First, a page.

CV NEWS FEED // The CatholicVote.org Education Fund (CVEF) on Monday filed an amicus brief in support of Gerald Groff, a former United States Postal Service (USPS) employee who sued the agency for failing to accommodate his request to have Sundays off so he could honor the Sabbath.
The Supreme Court agreed to hear the case, known as Groff v. DeJoy, after the Third U.S. District Circuit Court ruled against Groff last year. Groff’s legal team had argued that employers must honor religious accommodation requests like Groff’s under the rights outlined in Title VII of the Civil Rights Act. The lower court’s decision rejected that position and agreed with the argument of USPS’ attorneys that Groff’s request for Sundays off represented an “undue hardship” for his employer.
As the Catholic News Agency reported:
In its decision, the Third Circuit Court applied the precedent set in TWA v. Harrison, a 1977 Supreme Court case that posited employers were not obligated to accommodate workers’ religious requests if they posed more than a “de minimis,” or trivial cost.
Title VII of the Civil Rights Act clearly has the “goal of providing religious employees with equal access to the dignity of work,” states CVEF’s amicus brief. The filing also calls on the Supreme Court to “jettison the senseless ‘undue hardship’ standard drawn from dicta in Harrison,” which “defies” Title VII “by limiting an employer to ‘de minimis’ accommodation costs.”
Citing the Supreme Court’s own previous analysis in an earlier religious freedom case, EEOC V. Abercrombie & Fitch Stores, Inc., the brief argued that USPS’s failure to accommodate Groff fell short of the Court’s understanding of religious freedom as protected under Title VII.
In the Abercrombie case, the clothing retail company argued that it did not need to accommodate a Muslim employee who wore a headscarf at work, in keeping with her religious obligations. While Abercrombie & Fitch argued that the accommodation caused undue hardship for the company because the appearance of the scarf was too “formal” for their brand, the Supreme Court firmly rejected their argument.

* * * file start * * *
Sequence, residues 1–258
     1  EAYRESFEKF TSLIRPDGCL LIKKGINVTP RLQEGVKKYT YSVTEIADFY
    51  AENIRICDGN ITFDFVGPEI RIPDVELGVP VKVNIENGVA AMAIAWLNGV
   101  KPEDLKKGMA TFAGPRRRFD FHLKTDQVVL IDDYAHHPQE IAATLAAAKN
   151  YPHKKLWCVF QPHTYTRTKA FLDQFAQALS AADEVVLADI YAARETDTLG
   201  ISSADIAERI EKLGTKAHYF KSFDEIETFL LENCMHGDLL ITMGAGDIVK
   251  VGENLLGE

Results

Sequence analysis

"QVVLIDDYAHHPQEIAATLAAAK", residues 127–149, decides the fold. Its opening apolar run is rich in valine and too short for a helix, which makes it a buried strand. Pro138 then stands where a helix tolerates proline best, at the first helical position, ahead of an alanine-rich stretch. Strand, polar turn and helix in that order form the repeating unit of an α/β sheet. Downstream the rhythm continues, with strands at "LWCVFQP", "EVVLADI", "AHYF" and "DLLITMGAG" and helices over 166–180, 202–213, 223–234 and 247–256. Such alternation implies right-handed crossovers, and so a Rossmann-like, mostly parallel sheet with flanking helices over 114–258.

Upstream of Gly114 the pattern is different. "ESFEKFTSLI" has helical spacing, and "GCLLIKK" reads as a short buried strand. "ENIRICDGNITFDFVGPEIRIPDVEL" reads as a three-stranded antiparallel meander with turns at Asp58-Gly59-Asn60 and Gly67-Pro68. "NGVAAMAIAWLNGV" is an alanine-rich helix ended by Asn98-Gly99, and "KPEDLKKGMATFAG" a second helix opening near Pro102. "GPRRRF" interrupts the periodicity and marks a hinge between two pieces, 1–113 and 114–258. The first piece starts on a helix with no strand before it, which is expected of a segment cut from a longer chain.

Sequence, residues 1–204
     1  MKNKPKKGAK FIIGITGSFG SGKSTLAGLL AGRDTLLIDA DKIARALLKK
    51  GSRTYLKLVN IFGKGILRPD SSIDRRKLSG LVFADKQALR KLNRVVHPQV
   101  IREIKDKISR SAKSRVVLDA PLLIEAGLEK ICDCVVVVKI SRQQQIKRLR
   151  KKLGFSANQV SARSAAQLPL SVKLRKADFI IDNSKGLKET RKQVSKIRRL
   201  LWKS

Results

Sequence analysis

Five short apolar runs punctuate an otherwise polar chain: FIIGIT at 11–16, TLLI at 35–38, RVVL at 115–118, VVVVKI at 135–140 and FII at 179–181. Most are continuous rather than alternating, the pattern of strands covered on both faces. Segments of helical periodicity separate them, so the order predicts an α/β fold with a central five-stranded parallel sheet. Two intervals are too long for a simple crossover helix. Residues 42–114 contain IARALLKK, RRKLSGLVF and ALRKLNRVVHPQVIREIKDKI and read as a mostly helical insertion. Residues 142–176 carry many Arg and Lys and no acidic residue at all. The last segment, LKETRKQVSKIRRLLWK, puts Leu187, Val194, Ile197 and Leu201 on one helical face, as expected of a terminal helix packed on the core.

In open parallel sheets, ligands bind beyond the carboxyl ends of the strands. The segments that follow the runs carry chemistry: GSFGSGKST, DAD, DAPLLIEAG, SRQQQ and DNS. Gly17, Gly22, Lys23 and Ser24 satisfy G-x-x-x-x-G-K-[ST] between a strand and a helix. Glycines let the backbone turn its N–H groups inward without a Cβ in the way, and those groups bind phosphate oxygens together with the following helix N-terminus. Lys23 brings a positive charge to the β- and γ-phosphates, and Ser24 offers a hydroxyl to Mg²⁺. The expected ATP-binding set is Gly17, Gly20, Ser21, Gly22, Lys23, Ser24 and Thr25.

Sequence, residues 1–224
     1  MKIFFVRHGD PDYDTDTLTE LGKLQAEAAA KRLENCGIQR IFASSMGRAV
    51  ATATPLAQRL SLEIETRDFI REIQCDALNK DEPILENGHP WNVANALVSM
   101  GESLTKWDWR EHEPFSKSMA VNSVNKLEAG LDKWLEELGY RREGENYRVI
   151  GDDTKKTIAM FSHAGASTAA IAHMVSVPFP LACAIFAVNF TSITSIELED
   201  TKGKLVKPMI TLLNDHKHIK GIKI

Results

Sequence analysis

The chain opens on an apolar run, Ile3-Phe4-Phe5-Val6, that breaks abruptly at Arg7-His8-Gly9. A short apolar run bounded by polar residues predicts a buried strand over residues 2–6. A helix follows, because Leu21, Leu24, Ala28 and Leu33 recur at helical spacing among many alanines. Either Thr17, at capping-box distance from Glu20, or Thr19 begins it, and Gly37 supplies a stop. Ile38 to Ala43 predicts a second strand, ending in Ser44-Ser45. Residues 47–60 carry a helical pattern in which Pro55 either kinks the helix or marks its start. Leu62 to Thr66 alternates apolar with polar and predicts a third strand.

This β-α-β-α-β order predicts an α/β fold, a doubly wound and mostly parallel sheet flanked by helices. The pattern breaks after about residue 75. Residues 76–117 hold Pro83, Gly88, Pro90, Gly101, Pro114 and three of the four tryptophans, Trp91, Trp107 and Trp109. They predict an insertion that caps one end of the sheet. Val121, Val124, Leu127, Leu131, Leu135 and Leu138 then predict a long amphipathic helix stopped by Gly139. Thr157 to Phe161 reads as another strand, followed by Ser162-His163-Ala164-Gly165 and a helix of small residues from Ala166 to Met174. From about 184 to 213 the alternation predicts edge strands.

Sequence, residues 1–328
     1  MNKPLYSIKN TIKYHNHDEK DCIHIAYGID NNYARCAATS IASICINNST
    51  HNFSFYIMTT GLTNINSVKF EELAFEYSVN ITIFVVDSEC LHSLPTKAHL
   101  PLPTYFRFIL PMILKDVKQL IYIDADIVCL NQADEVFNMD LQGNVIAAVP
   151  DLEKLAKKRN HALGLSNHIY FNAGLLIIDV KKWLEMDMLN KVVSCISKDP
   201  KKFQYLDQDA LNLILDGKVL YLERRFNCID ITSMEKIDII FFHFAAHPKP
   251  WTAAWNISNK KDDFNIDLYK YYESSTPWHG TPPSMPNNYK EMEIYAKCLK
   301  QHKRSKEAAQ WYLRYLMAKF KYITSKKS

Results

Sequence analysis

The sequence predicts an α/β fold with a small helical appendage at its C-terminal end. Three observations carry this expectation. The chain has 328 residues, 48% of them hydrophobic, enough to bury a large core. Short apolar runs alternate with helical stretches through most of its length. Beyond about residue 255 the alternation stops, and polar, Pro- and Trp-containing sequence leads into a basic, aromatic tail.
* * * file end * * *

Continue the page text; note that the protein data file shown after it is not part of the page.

“In EEOC v. Abercrombie & Fitch Stores, Inc., this Court explained that Title VII grants ‘religious practices’ in the workplace ‘favored treatment’ when considering accommodations, allowing workers to practice their religion ‘despite the employer’s normal rules to the contrary,’” the brief points out. “This affirming view of accommodations—supported by the statute’s text—imbues employees of all faiths with the dignity of work, a concept woven into the fabric of Title VII.”
“Title VII does not demand mere neutrality with regard to religious practices—that they be treated no worse than other practices,” the Supreme Court’s previous ruling stated:
Rather, it gives them favored treatment, affirmatively obligating employers not “to fail or refuse to hire or discharge any individual … because of such individual’s” “religious observance and practice.”
CVEF’s brief argued:
It is critical to the proper resolution of the question presented by the Petitioner that this analysis in Abercrombie be honored. This Court’s recognition that Title VII gives favored treatment to religious practices is also a promise that laborers of all faiths will not be deprived of the dignity of work.
Readers can find the full Amicus Brief from the CVEF here.